In that scenario, the employer would have fully paid the employee under the current highly compensated test, Hale said. Then, by Nov. 30, 2017, the employer may have to decide if an increase were needed to bring the employee's pay up to the new $134,004 amount, he said.
“However, if you’ve already promised the pay increase, you could not retroactively decrease a person’s pay,” Hale said, noting that employers must ensure that they comply with state wage-payment laws. If employees are at-will, employers can always change on a going-forward basis, he said.
Essentially, there was ambiguity with the court’s decision to omit a reference to highly compensated employees, Hale said. “It is an omission and an omission of any explanation, one way or another,” he said.
Caroline J. Brown, a lawyer at Fisher & Phillips LLP who specializes in wage and hour law, said the omission may have been unintentional.
“It is possible that it is an oversight,” Brown said. “If so, the court could file a motion amending it on its own accord or a party could file a motion to have it corrected.”
The omission was odd, but it “would not affect the logic that was applied by the court,” Hale said. “It would be difficult for somebody to make an argument that the HCE portion of the final rule remains in effect given that the decision in multiple places refers to the enjoining of the final rule,” he said.
There is some consistency in how the injunction was decided, Hale said. The court may have had problems with the salary basis test as the only criterion, he said. An employee who did not meet the salary level could not otherwise be exempt, he said.
“The HCE test is a little different,” Hale said. “You can be exempt at a lower salary rate. It is just that the salary will be taken into account to relax the exemption. The HCE standard is not an absolute standard. It simply modifies the duties standard without eliminating the salary level.”
“It seems like the court is saying that salary can be a factor, and what the HCE does, unlike the basic salary test, is it makes salary a factor to consider and essentially swaps out salary for some duties, if the salary is high enough, saying that is good enough to satisfy the statutory standard,” Hale said.
On Dec. 8, a federal appeals court granted the Labor Department’s request to speed up the process of hearing the department’s appeal challenging the U.S. District Court for the Eastern District of Texas’s preliminary injunction that delayed the white-collar overtime rules from taking effect.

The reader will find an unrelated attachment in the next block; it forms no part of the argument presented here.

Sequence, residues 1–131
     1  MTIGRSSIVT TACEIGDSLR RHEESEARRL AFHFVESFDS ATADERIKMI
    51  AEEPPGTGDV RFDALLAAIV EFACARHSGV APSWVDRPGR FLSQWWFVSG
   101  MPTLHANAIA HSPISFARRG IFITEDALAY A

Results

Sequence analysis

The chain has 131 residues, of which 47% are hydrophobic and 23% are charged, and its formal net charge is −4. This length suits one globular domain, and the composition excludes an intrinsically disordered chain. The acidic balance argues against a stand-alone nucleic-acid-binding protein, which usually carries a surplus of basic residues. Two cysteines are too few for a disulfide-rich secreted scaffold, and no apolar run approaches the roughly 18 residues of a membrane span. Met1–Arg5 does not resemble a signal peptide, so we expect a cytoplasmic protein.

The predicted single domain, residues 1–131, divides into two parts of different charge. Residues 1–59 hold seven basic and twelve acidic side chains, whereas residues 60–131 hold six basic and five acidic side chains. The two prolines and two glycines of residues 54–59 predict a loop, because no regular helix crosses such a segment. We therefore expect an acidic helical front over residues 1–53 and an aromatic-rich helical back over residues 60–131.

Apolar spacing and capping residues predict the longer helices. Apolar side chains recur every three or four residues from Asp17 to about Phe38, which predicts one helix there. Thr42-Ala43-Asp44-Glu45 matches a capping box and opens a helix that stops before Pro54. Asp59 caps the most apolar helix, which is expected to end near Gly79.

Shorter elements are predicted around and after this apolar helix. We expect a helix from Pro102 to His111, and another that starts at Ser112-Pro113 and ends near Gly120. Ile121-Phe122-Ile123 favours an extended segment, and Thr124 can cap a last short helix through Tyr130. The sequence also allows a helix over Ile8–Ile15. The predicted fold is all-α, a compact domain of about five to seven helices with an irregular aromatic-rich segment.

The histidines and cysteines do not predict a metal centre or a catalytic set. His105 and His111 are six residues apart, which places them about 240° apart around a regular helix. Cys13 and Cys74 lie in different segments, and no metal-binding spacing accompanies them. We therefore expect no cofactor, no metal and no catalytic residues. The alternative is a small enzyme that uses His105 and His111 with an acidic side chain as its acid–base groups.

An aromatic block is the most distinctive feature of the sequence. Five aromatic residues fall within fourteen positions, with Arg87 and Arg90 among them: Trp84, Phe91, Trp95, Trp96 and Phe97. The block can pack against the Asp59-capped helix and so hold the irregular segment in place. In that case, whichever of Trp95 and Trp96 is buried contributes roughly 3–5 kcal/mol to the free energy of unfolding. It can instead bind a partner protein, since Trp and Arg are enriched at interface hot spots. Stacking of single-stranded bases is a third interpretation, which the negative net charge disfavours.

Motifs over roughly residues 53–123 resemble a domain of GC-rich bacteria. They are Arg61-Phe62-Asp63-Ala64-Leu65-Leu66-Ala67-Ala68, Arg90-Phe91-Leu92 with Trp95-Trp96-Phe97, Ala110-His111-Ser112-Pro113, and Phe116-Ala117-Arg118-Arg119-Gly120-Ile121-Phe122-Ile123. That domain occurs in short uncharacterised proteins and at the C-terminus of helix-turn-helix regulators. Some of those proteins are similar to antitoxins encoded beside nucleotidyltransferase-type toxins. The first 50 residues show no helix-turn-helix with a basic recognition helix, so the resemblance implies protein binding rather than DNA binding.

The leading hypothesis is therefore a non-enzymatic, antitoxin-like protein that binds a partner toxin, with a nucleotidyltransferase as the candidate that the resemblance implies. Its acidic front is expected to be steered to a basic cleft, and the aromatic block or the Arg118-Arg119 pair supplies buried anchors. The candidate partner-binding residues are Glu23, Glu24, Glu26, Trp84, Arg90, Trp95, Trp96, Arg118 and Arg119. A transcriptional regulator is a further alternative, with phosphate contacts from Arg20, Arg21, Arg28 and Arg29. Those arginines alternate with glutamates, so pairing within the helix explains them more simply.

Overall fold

Even with fast-track consideration, the case is unlikely to be resolved before the 115th Congress convenes Jan. 3 and President-elect Donald Trump is inaugurated Jan. 20.
The time line for the appeal calls for the Labor Department, the 21 states that obtained the preliminary injunction and other parties to have filed all briefs with the court by the end of January. Oral arguments before a panel of Fifth Circuit judges are to be scheduled soon after. The court is to rule on the appeal after the oral arguments are made.
The Labor Department filed a motion Dec. 12 asking the federal district court in Texas to await the outcome of the agency's appeal in the case before hearing other motions related to the lawsuit ( Nevada v. DOL, E.D. Tex., No. 4:16-cv-00731, motion to stay proceedings pending appeal 12/12/16 ).
The AFL-CIO filed a motion Dec. 9 with the district court to intervene as a defendant so that, were the department to withdraw from the case, a possibility under the leadership of the incoming Trump administration's labor secretary, the AFL-CIO could continue to defend the final rule.
Congress also could pass legislation to nullify the white-collar overtime rule or pass alternative legislation before the court rules.
Follow developments on the overtime rule through a special website.
Copyright © 2016 The Bureau of National Affairs, Inc. All Rights Reserved.